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A Shoshonee [sic] Indian Smoking
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A Shoshonee [sic] Indian Smoking

Description Exhibitions Provenance Inscription Credit
Description Extracts from Alfred Jacob Miller’s original text, which accompanied his images of Native Americans, are included below for reference. These words, which shaped how Miller’s contemporaries viewed the watercolors, reveal the racism and sexism embedded in 19th-century exploration and colonization of the western part of what is today the United States. "It is only in savage life that real and absolute liberty exists. This man bears about the appearance of it. We can see at a glance that he is not troubled with taxes,-by the same token, we could almost affirm that he has left no Mrs. Caudle in his lodge to give him a "bit of her mind" on his return home. A pipe, the great solace of his leisure hours, is lighted and he is exhaling the smoke in volumes from his mouth and nostrils alternately, with a thorough enjoyment of its aroma. The great difficulty is that he has too much freedome for his own good.. It causes him to be proud, overbearing, and oppressive. Eventually he carries measures with such a high hand and becomes so intolerably tyranical that it is found essential to knock him on the head. This he comrehends better than a long harangue, and may be calle the Agumentum baculinum; in fact it is resoning to him as plain as a pike-staff. No successful bully has yet existed, who, sooneror late, has not bet his fate from one who is still more powerful, and as Corporal Nym would say, 'That is the moral of it.'" A.J. Miller, extracted from "The West of Alfred Jacob Miller" (1837). In July 1858 William T. Walters commissioned 200 watercolors at twelve dollars apiece from Baltimore born artist Alfred Jacob Miller. These paintings were each accompanied by a descriptive text, and were delivered in installments over the next twenty-one months and ultimately were bound in three albums. Transcriptions of field-sketches drawn during the 1837 expedition that Miller had undertaken to the annual fur-trader's rendezvous in the Green River Valley (in what is now western Wyoming), these watercolors are a unique record of the closing years of the western fur trade.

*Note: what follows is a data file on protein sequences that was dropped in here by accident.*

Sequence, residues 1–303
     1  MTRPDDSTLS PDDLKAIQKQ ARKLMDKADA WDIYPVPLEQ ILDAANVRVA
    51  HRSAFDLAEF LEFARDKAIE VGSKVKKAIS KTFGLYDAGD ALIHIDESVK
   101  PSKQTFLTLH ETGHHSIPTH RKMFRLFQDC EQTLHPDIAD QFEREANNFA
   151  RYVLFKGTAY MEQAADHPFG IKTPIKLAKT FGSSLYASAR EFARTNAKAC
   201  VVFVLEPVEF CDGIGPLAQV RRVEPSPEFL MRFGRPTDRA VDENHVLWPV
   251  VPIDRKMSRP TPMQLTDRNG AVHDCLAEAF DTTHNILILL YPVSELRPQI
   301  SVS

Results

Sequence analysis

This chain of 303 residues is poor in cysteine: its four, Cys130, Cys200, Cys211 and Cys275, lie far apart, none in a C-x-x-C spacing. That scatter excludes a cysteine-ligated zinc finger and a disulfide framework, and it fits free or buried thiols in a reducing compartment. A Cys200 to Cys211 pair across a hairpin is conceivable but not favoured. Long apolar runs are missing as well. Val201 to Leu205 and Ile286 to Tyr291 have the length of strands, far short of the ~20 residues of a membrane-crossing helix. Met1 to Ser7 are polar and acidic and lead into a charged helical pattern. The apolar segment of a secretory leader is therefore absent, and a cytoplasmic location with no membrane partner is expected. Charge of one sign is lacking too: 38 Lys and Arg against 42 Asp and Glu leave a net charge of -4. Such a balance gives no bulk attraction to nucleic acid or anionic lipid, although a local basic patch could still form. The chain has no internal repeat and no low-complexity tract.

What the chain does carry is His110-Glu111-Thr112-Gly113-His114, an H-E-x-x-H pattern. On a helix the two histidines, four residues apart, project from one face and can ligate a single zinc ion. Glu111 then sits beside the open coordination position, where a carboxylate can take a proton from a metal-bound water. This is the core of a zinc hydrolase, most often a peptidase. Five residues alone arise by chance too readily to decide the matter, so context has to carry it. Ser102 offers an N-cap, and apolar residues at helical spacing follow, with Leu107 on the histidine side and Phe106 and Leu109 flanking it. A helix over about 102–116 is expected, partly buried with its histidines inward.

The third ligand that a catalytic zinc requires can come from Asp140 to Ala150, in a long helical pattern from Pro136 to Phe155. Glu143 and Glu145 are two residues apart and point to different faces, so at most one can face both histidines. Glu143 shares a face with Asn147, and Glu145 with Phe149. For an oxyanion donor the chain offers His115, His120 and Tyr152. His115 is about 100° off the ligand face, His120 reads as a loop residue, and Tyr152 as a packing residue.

• Alfred Jacob Miller and the Western Indians. The Walters Art Museum, Baltimore. 2006.
Provenance William T. Walters, Baltimore, 1858-1860, by commission; Henry Walters, Baltimore, 1894, by inheritance; Walters Art Museum, 1931, by bequest.
Inscriptions [Signature] A. J. Miller; [Number] 70
Credit Commissioned by William T. Walters, 1858-1860

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watercolor heightened with white on paper
(Painting & Drawing)
Accession Number
H: 11 5/16 x W: 9 7/8 in. (28.7 x 25.1 cm)
  • USA (Place of Origin)
Location Within Museum
Not On View


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